Tumblr user William Tildesley, a long-time user of the content-sharing platform, recently emailed Tumblr’s founder David Karp to express his disappointment at the network’s downtime issues, to be met with a discouraging reply that ended with the words: “Please go away”.
It’s no secret that Tumblr has been experiencing its fair share of scaling issues, the service has boomed substantially over the past year and is facilitating 200m pageviews a week. Customers, including Mr Tildesley, have found their Tumblogs inaccessible and features not working properly, leading the company to introduce its own version of Twitter’s Fail Whale, the Tumbeasts.
PostDesk posted Karp’s full reply (the emphasis and following commentary is theirs):
“…we have no interest in customers that will go out of their way to discourage our entire team” continuing to say that this is a “…team that regularly spends their nights and weekends working feverishly to provide the best service we can against extraordinary challenges”. He signed off saying that “Plenty of services will import Tumblr blogs. Please go away.”
To Karp’s defense, this is probably the 500th email that has been sent to him complaining about the same thing, we also don’t know if this is just one email or whether other users have been told the same. It’s difficult to get a sense of perspective until we get the chance to read Tildesley’s initial email to the Tumblr founder.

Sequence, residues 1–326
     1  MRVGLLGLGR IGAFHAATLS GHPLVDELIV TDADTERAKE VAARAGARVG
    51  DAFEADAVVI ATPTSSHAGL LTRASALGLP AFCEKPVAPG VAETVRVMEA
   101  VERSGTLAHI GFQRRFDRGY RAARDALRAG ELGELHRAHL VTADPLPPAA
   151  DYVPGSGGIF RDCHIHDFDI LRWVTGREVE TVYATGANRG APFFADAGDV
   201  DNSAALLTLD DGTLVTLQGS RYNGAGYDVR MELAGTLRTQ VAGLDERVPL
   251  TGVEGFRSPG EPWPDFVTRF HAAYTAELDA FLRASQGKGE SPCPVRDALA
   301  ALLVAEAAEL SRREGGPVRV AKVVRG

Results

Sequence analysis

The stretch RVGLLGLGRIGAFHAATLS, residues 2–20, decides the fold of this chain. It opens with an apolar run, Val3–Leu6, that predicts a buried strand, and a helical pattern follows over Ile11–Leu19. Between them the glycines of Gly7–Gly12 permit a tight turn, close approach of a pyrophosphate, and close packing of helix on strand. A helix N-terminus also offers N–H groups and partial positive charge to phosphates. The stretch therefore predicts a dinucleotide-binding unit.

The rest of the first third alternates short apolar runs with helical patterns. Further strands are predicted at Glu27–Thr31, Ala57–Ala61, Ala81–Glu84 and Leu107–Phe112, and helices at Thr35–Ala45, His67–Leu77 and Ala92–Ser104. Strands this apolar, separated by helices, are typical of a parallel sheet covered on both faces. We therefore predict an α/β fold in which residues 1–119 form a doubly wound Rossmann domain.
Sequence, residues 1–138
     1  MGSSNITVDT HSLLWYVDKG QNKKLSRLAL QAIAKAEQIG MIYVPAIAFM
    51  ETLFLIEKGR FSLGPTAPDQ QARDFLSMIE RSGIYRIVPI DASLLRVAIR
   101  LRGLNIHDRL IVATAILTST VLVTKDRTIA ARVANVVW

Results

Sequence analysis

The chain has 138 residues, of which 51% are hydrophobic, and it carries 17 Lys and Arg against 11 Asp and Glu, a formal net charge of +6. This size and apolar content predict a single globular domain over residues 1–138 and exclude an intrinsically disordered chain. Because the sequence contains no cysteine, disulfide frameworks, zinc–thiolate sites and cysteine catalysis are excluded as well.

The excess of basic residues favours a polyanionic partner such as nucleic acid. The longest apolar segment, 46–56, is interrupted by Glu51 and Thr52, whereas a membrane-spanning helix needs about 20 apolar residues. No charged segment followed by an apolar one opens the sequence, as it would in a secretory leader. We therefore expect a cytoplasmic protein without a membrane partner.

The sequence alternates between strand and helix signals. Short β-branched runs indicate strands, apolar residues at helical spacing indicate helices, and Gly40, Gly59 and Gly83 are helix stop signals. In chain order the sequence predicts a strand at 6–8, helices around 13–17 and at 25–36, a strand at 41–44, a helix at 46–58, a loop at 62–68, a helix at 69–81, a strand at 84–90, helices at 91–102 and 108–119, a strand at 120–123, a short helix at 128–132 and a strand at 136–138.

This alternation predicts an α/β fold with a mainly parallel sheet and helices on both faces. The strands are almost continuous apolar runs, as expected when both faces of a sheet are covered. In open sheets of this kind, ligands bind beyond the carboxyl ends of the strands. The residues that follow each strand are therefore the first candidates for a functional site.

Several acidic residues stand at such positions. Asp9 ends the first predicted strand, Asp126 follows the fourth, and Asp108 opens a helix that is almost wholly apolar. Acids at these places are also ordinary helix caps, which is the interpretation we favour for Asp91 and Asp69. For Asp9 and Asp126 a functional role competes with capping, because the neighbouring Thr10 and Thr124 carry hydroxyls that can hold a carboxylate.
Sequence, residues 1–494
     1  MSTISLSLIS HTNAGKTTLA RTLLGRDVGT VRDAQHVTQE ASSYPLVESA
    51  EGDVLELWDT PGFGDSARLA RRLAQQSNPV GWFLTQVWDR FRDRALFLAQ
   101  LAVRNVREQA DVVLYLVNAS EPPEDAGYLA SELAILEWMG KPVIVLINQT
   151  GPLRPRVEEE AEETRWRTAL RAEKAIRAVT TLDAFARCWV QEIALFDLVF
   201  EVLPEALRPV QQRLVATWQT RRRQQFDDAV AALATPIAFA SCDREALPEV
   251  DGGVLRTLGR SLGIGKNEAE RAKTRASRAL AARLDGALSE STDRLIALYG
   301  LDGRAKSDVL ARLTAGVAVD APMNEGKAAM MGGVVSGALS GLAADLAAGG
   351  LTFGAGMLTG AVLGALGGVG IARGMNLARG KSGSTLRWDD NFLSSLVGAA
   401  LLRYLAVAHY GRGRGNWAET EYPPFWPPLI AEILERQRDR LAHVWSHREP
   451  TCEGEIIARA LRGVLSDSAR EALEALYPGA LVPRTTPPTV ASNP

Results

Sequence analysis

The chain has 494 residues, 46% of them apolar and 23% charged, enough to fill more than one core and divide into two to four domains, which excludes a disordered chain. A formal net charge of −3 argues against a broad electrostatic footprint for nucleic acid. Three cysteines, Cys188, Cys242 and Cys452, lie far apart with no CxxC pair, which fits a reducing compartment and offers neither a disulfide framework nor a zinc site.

However, Tildesley was a member of the network for more than two years, had paid for premium themes and to have his blog featured, you could say he was a loyal customer (he has subsequently left the network).
Tumblr is fighting a battle for users with Posterous and WordPress in the blogging market, Posterous already offers an easy way to port content from a number of other services, which Karp tersely points out.
One thing is clear – if Tumblr is to reach its potential, it absolutely needs to ensure these site issues are a thing of the past – or at least a rarity.